The results presented in Durban are encouraging. After 48 weeks, 96% of patients were still on the 4 days a week regimen and had a viral load below 50 copies/mL. Only three patients had a detectable viral load at weeks 4, 12, and 40 (respectively, 785, 124, and 969 copies/mL). In these patients, viral load dropped below the detection threshold upon return to the 7 days a week treatment regimen, without appearance of resistance. One patient dropped out of the study at week 4.
These data were completed by a concomitant analysis of treatment adherence in a subgroup of patients using self-report questionnaires, assays of blood drug levels, and counting of drug doses taken using electronic pillboxes. Dr Pierre de Truchis noted that "The analysis of treatment adherence showed that the 4 times a week regimen was well adhered to and accepted by the patients. In over 90% of cases, drug intake matched the prescription."
This innovative strategy now needs to be confirmed in a randomized trial comparing two groups of patients. This is the aim of ANRS QUATUOR, a trial which will be conducted in more patients over a longer period using more recent antiretrovirals such as integrase inhibitors, which are now the mainstay of treatment. Of 640 patients recruited in several hospital centers, half will receive treatment 4 days a week and the other half 7 days a week, for 48 weeks. If similar results are noted in the two groups, all patients will be put on the 4 times a week regimen for a further 48 weeks. The aim is to show that the 4 times a week regimen is not inferior to the everyday regimen, ie, the efficacy is the same and the patients on treatment 4 days a week experience additional benefits (fewer side effects, better adherence...).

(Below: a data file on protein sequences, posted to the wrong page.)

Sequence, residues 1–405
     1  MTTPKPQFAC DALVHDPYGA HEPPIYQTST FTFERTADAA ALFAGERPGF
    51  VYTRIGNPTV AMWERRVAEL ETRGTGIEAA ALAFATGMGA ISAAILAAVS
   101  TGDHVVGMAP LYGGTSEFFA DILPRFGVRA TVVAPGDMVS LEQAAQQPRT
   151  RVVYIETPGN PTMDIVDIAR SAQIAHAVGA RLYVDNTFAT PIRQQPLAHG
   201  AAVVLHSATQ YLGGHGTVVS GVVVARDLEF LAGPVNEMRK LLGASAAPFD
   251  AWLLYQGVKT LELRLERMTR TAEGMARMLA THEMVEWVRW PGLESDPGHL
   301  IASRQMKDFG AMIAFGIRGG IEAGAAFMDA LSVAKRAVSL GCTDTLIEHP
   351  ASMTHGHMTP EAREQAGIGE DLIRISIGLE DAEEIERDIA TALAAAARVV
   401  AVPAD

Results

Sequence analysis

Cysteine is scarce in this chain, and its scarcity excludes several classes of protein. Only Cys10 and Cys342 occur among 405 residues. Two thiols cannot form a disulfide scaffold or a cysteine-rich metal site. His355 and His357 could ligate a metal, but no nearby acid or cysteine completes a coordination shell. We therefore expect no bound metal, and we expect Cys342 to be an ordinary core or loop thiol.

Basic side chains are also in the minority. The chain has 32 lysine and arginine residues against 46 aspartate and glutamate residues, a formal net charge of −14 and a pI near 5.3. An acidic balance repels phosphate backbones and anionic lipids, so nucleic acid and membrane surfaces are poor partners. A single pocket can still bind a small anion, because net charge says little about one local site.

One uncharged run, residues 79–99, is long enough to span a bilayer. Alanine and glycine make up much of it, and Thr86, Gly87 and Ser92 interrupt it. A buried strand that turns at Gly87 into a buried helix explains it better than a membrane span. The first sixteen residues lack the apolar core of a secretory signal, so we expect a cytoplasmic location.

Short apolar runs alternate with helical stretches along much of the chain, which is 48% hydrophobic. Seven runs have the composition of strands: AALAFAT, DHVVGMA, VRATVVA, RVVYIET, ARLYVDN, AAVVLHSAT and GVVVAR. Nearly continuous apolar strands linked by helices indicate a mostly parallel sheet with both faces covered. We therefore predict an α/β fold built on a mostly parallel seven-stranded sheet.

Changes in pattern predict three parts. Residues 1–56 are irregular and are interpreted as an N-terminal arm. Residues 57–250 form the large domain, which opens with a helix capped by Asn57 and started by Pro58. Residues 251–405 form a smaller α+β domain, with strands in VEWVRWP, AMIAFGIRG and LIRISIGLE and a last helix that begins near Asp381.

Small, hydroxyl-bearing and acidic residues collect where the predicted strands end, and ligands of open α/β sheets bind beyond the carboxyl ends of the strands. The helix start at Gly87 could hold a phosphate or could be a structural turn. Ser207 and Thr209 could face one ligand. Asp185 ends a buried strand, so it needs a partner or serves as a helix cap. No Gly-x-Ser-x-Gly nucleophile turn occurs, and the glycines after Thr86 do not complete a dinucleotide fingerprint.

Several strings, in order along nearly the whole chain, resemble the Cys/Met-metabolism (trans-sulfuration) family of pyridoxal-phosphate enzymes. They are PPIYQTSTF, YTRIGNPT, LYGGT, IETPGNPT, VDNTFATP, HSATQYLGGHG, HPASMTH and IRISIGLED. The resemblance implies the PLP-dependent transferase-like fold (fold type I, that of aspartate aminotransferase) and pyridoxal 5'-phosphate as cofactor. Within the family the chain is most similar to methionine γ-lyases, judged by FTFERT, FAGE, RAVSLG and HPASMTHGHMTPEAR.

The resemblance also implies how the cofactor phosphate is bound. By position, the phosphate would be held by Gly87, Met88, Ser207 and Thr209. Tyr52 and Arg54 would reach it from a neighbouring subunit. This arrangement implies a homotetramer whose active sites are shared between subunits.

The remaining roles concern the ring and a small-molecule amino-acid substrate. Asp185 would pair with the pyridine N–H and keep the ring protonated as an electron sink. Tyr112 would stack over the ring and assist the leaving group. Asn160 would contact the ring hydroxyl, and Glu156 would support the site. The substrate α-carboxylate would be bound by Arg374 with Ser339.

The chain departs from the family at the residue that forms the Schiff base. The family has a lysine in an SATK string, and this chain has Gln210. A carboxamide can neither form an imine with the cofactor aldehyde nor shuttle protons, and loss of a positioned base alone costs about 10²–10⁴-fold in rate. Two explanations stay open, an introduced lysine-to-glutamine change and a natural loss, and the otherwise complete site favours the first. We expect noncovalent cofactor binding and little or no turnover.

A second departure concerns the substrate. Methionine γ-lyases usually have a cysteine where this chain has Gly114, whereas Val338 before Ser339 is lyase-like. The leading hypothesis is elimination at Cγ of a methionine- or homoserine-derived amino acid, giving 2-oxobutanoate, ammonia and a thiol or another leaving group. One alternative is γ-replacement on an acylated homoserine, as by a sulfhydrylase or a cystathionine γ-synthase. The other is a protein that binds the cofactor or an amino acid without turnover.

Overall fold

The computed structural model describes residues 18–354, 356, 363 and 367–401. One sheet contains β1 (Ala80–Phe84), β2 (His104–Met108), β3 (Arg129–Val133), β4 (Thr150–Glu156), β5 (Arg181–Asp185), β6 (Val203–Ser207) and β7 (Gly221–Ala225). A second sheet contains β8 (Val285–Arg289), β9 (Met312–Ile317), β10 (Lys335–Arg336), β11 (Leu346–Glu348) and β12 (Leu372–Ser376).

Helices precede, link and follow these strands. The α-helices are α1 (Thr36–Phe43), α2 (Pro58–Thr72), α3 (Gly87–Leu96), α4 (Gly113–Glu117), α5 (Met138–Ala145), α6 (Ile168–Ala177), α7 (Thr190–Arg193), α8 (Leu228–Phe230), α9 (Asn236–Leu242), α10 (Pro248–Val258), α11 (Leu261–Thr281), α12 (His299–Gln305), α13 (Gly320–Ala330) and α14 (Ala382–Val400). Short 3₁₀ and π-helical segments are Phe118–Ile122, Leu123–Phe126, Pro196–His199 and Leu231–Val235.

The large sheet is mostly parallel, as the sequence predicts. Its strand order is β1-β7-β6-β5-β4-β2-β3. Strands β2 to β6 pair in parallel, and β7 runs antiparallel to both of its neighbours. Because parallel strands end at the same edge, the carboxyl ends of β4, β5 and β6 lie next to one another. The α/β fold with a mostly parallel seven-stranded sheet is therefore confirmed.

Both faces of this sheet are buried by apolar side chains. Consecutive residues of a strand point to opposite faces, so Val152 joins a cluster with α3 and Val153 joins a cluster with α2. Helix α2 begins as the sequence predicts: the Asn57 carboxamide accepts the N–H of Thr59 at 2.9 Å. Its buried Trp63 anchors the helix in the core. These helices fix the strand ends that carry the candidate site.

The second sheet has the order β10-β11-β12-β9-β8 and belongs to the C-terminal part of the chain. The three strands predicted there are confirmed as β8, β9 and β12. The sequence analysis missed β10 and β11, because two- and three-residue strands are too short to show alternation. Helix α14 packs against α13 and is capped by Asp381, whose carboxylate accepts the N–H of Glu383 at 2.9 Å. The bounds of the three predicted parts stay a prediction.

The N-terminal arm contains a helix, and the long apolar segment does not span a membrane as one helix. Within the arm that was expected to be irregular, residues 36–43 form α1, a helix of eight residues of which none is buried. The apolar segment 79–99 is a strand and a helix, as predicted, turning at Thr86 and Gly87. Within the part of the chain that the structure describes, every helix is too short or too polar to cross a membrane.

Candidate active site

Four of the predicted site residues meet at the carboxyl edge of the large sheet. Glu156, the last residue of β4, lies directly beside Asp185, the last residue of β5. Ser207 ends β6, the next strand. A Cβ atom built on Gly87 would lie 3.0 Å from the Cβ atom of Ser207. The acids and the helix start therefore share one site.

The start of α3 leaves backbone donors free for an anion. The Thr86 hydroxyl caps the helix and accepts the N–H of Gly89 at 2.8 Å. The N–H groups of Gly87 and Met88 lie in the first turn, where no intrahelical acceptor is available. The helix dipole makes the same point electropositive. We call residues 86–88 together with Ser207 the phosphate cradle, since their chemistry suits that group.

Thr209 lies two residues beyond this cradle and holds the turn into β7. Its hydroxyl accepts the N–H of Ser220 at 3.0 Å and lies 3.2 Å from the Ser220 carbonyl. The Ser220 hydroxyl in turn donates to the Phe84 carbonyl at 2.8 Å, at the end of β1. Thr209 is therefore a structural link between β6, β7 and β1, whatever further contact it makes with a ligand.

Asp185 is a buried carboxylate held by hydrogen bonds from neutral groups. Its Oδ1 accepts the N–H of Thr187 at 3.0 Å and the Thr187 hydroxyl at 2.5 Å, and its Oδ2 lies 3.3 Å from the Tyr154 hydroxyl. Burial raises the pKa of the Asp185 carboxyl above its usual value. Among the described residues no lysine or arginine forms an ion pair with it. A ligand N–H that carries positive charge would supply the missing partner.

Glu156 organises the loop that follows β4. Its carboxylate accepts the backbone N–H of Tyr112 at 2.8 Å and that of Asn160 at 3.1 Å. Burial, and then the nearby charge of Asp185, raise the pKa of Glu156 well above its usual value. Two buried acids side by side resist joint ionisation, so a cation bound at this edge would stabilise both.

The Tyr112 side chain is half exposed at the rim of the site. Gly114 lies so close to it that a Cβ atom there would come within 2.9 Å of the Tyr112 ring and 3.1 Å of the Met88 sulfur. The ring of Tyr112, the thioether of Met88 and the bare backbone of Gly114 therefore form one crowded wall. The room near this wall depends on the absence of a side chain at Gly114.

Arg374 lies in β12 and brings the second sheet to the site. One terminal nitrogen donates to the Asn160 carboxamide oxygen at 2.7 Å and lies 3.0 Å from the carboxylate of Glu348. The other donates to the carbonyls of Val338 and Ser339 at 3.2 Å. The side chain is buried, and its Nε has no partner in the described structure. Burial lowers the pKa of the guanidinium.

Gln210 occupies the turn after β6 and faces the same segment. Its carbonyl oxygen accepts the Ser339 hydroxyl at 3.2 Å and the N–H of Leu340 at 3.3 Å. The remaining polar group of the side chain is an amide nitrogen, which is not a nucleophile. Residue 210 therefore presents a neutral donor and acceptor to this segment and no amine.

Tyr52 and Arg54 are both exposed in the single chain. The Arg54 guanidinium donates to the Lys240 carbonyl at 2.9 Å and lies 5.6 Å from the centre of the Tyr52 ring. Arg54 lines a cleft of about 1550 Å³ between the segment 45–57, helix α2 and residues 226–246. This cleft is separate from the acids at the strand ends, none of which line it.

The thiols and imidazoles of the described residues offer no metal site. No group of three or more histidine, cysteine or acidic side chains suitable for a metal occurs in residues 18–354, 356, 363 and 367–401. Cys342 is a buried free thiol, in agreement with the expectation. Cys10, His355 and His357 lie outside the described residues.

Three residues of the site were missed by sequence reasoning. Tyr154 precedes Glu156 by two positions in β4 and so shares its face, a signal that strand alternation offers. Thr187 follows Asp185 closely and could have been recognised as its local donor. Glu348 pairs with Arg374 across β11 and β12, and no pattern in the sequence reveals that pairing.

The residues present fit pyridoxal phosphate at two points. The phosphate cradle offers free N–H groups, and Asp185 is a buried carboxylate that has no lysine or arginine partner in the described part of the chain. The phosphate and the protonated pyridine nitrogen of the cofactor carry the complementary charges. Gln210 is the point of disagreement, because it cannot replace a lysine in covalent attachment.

Professor Jean-François Delfraissy, Director of ANRS, observed that "These results encourage us to pursue our aims of improving quality of life on treatment and meeting a strong demand from some patients for a lower drug burden." Should the 4 days a week regimen now be recommended in everyday practice? "Only a randomized trial will be able to approve this strategy," says Professor Delfraissy. Current international recommendations stipulate that continuous treatment should be initiated as soon as possible after discovering positive HIV serostatus, regardless of CD4 cell count.